The Healthcare Hub

What a Difference a Decade Makes: Supply Chain Technology Drives EHR Vision

Saturday, February 22, 2014

I arrived yesterday in Orlando for the HIMSS14 Annual Conference and Exhibition, and I am more optimistic than ever that there is growing recognition for the role the supply chain can play in improving meaningful use of electronic health records. It started last month, when I was at the Office of the National Coordinator for Health IT (ONC) and met the new national coordinator, Karen DeSalvo, MD. I was part of a delegation from AHRMM (the supply chain organization for the American Hospital Association) there to discuss how we can help increase adoption and use of unique device identifiers (UDIs) in healthcare delivery organizations. While only a few days on the job, Dr. DeSalvo seemed genuinely interested in the possibilities. 

That doesn’t mean supply chain is a commonly used term in the hallways of the ONC or even within the expansive space that HIMSS occupies at the Orange County Convention Center, but the importance of documenting data on devices used in patient care is gaining attention. Next week, the federal register will publish the 2015 Edition EHR Certification Criterion; Interoperability Updates and Regulatory Improvements, which contains this language:

"We propose to adopt a new 2015 Edition certification criterion that would require EHR technology to be able to record and display a unique device identifier (UDI) and other information about a patient’s implantable devices."

This is an important step , especially when you consider that as few as five years ago, there was very little recognition on the part of EHR vendors about the need to capture supply chain related data. It was HIMSS09, and the Health Information Technology and Economic and Clinical Health Act (HITECH) had just been passed. With the promise of financial incentives, the show floor was overflowing with EHR vendors. But when several of us involved in the HIMSS Supply Chain Special Interest Group asked those same vendors what they were doing to capture data on the supplies used in care delivery, we were met with blank stares. But then again, it was just 5 years before that when someone asked the first national coordinator for Health IT if ONC would consider financial incentives to support supply chain technology. At the time, he replied, “No. We are focused on technology that impacts patient safety.”

Fast forward to 2014, and the newly proposed criterion specifically mentions supply chain technology, although not in those exact words. It reads:

“EHR technology could be leveraged in conjunction with automated identification and data capture (AIDC) technology or other technologies to streamline the capture and exchange of UDIs and associated device data in clinical and administrative workflows.”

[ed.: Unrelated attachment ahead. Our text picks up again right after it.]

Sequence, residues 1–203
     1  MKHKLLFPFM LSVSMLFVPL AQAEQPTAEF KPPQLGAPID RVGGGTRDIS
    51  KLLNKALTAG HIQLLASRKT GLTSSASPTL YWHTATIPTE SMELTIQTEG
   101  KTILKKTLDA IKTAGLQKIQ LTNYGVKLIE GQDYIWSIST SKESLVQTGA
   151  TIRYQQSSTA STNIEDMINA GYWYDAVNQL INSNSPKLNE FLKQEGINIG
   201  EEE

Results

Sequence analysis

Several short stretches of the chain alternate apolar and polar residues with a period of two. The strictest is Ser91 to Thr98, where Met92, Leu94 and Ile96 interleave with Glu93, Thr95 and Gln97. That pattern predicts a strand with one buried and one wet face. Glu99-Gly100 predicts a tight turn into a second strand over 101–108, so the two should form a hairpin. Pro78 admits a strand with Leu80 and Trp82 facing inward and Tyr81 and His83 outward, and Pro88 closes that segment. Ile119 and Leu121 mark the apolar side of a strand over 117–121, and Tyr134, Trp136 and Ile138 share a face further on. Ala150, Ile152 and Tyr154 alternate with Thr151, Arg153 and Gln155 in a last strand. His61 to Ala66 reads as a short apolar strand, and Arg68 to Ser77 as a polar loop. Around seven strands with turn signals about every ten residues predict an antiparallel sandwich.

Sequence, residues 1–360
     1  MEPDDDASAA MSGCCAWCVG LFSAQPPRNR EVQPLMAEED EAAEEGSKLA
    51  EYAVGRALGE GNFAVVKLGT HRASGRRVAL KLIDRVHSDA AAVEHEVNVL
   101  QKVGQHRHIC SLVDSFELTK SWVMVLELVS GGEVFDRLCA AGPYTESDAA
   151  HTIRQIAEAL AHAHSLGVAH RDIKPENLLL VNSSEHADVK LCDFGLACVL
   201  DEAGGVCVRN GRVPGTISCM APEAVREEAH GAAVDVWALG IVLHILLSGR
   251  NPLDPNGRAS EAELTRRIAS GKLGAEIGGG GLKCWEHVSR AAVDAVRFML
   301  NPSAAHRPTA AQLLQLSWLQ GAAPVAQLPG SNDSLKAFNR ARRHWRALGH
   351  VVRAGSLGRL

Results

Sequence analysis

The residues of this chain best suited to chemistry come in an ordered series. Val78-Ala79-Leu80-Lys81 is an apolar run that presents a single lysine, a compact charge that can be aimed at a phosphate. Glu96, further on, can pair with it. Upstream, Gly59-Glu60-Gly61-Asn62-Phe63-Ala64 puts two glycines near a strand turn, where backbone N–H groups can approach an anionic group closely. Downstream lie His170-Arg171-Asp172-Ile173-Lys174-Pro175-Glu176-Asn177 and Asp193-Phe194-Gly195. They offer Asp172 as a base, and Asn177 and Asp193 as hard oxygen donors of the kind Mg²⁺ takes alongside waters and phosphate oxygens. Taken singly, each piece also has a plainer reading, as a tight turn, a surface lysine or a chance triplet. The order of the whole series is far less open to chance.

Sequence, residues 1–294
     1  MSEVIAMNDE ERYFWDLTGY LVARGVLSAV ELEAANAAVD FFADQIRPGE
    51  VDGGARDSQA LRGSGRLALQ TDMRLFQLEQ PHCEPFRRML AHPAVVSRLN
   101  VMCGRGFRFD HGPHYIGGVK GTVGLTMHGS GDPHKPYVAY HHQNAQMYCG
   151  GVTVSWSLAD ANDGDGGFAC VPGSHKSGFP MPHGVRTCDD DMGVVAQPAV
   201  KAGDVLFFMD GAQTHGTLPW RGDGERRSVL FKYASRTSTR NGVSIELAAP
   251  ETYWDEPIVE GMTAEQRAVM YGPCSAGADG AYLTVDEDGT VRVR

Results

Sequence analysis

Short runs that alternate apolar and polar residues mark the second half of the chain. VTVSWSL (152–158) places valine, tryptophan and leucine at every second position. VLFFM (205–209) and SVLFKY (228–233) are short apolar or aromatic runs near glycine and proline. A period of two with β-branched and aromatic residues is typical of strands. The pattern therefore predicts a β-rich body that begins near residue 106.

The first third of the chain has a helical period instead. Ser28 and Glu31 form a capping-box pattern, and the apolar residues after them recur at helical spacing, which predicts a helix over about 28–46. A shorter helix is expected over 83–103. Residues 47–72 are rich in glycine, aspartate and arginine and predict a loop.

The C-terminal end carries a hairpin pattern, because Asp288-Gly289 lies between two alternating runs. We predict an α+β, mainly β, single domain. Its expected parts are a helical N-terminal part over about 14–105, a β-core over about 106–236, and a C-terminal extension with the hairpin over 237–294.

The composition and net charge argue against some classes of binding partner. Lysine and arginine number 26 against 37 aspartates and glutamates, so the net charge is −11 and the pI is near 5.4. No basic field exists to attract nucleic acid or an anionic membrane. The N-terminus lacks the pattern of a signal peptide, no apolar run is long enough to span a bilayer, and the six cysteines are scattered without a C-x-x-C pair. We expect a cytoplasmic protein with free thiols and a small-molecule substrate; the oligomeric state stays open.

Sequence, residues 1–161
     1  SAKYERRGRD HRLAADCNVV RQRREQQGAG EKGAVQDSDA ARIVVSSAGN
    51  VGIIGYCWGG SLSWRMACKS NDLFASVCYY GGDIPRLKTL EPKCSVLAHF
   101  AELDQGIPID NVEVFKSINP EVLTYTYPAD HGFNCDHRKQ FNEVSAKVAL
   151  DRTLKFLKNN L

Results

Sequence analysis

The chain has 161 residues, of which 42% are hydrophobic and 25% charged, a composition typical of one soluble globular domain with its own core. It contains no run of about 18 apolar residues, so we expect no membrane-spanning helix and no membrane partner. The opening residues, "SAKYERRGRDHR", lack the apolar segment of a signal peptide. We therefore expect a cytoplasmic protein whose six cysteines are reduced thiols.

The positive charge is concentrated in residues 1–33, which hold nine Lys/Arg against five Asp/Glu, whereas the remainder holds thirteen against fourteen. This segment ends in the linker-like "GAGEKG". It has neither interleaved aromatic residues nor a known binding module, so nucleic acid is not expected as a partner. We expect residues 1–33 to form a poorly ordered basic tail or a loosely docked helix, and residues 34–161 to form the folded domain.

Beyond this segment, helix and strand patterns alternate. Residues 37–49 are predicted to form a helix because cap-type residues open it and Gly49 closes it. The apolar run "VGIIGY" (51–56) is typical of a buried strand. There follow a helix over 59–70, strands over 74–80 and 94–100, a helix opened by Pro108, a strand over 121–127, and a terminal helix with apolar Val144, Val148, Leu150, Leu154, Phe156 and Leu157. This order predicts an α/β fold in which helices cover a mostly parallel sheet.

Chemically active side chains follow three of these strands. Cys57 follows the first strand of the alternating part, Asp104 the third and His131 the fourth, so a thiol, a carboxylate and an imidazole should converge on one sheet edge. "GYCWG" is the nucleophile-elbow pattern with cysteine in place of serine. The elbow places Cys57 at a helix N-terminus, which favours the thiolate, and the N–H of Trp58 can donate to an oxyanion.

That certainly sits squarely in supply chain’s sweet spot. In fact, accurate clinical supply documentation at the point of use is at the heart of the work GHX is doing with representatives of the leading orthopedic and cardiovascular manufacturers and more than a dozen major healthcare systems to automate the implantable device supply chain. According to our research, only 10 percent of supply documentation in the OR is based on barcodes or RFID. Even with electronic implant recording capability, most nurses still use paper and stickers for recording implant usage during procedures.

But even if we were to automate data capture at the point of use, we still need to be able to store and share that data across various technology systems, including EHR, ERP, OR information systems, billing systems, etc. And once again, that’s also high on the agenda for the implantable device supply chain initiative. GHX integrates with most if not all of the ERP and materials management systems in use in healthcare today, and we have had success recently integrating with several of the more commonly used systems in the OR and Cath lab. But with so many systems in use today and the need for financially strapped hospitals to leverage what they already have in place, we are actively seeking to work with more of our fellow technology vendors. This week, my GHX colleagues and I will be meeting with a number of technology companies at HIMSS14 to explore how we can integrate our respective systems to improve the ability to capture and share data needed for a multitude of purposes, from supply chain efficiencies to patient safety. The problems related to the lack of good supply documentation may manifest differently depending upon your perspective, but the solution is essentially the same: accurate data capture and documentation and systems integration.

We will be exploring this topic in two educational sessions at HIMSS14. The first is a pre-conference symposium tomorrow, being held in conjunction with AHRMM on Linking Supply Chain and Technology for Better Costs, Quality and Outcomes. Then, on Tuesday morning, Terrie Reed, who leads the UDI team at the FDA and is currently on temporary assignment with ONC, will join the HIMSS Supply Chain Special Interest Group and AHRMM for a discussion of the new EHR certification criterion and an exploration of the ways that UDI can deliver value in the hospital environment. Join us at 7 am, Tuesday, Feb. 25 in Room 209B in the convention center.

There is certainly a lot of work still to be done, but progress is being made. Supply chain touches many of the points along the continuum from when a product is manufactured to when it is used in patient care. As your organization considers how to achieve meaningful use of EHRs, consider, too, the role your supply chain can play in harnessing the data necessary to understand what drives better costs, quality and outcomes in healthcare. 

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Karen Conway

Vice President, Healthcare Value